Franchise contracts in Spain

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Julio Rocafull Rodríguez

A franchise agreement is a contract between companies (the franchisor and the franchisee) with the objective of creating a uniform distribution network with limited investment. The franchise contract is mainly regulated in the Royal Decree 201/2010 regarding the commercial activity of franchising and data communication on the Spanish Registry of Franchisors, and article 62 of the Retail Commerce Regulation Act 7/1996 of the January 15th.

I. Franchise precontractual disclosure

It is not necessary to record the contract in writing, but Spanish legislation establishes certain standards of pre-contractual disclosure, obliging the franchisor to a duty of transparency. Therefore, the franchisor should provide this information to the franchisee at least 20 working days prior to the signing of the franchise contract, or to any other preliminary agreement, or payment, from the potential franchisee.

The information provided is necessary for the franchisee to decide freely about its integration in the franchise network. This precontractual disclosure is essential for the formation of the free consent required for the perfection of the franchise contract. The franchisor is obliged by Spanish law to supply at least the following information:

  1. Identification data of the franchisor, including the name, information of the registration in the registry of franchisors, description of the share capital in the last company balance, etc.
  2. Provide evidence of the ownership or licensing agreements (including its duration) on the trademarks used by the franchise, including any information regarding claims against the aforementioned ownership or use of the trademark.
  3. A general description of the business sector of activity of the franchise.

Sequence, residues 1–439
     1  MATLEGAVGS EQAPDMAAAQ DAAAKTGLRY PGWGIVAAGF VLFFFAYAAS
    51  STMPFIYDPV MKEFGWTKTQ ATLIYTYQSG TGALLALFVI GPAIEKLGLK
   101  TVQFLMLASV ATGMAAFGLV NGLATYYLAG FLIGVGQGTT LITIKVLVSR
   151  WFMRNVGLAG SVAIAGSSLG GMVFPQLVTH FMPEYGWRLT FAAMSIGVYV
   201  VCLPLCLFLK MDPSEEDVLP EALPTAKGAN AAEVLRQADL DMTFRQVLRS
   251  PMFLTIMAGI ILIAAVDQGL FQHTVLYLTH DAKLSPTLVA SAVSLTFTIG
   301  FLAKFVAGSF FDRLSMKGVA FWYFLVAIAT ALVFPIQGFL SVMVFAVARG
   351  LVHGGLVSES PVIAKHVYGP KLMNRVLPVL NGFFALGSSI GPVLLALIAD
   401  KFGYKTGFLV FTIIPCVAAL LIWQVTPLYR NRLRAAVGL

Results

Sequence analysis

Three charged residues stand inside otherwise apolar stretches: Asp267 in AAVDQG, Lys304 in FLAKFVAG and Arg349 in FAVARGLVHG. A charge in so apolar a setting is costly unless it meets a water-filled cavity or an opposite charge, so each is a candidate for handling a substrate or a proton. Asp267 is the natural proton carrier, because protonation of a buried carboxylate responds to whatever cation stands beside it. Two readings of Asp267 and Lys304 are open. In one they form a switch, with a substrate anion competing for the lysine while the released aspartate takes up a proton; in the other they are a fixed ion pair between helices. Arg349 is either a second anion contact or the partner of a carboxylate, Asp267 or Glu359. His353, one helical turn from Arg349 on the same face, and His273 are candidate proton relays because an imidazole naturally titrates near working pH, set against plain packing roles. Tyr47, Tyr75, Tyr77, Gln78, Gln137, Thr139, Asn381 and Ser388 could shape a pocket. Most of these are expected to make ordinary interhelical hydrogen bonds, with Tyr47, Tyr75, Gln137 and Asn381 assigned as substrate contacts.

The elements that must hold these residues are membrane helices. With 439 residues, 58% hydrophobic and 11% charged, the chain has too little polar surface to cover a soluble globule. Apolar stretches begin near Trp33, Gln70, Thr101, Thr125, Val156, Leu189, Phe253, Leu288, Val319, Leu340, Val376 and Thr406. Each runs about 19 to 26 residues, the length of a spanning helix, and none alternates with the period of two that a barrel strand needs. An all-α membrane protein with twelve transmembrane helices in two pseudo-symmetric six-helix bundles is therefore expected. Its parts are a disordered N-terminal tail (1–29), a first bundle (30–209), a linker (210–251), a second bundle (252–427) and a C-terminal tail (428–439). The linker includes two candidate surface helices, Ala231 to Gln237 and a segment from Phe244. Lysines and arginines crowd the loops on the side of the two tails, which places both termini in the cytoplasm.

4. The experience of the franchisor, including the date of creation of the franchise, its main evolution stages, and the development of the franchise network.
  5. Content and characteristics of the franchise, including a general overview of the business, and explanation of its know-how and the commercial and technical assistance provided by the franchisor. The franchisor should inform the franchisee of the estimated expenses and investment for the set-up of a standard establishment. If the franchisor delivers to the potential franchisee forecasts of sales figures or business operating results, there must be based on experiences or studies that are sufficiently substantiated.
  6. Structure and extension of the franchise network in Spain, including a description of the organization, and the number of establishments in Spain, distinguishing those operated directly by the franchisor from those that operate under the franchise transfer regime, with indication of their location, and the number of franchisees that have ceased to belong to the network in Spain in the last two years (including the cause of termination).
  7. Essential elements of the franchise agreement, including the rights and duties of each party, duration of the contract, termination and renewal clauses, economic terms and conditions, exclusivity clauses, and any limitations imposed on the franchisee for the development of the business.

II. Main clauses of a franchise agreement

Franchise agreements are atypical contracts ruled by the principle of contractual freedom of the parties. Franchisor and franchisee can establish the terms and conditions they agree as long as they are not contrary to Spanish legislation, public order or morals.

The franchise contract is a commercial agreement where the franchisor transfer rights for the marketing of products and/or services in exchange of a payment by the franchisee. The rights transferred by the franchisor should include at least one of the following:

  1. The use of a common commercial name, or other intellectual property rights and a uniform presentation of the premises or means of transport.
  2. Communication of technical knowledge or know-how, which must be owned by the franchisor, substantial and unique.
  3. Provision of commercial and technical assistance throughout the duration of the agreement.

a) Intellectual property and know-how

It is essential to detail the trademarks, copyright, know-how and corporate image of the franchise business model, which are subject to assignment in the franchise agreement. In the event of a conflict between the parties the franchisor should be able to provide evidence to determine the content of the protected intellectual property and know how (Judgment 7/2014 of the Provincial Court of Madrid of January 10th).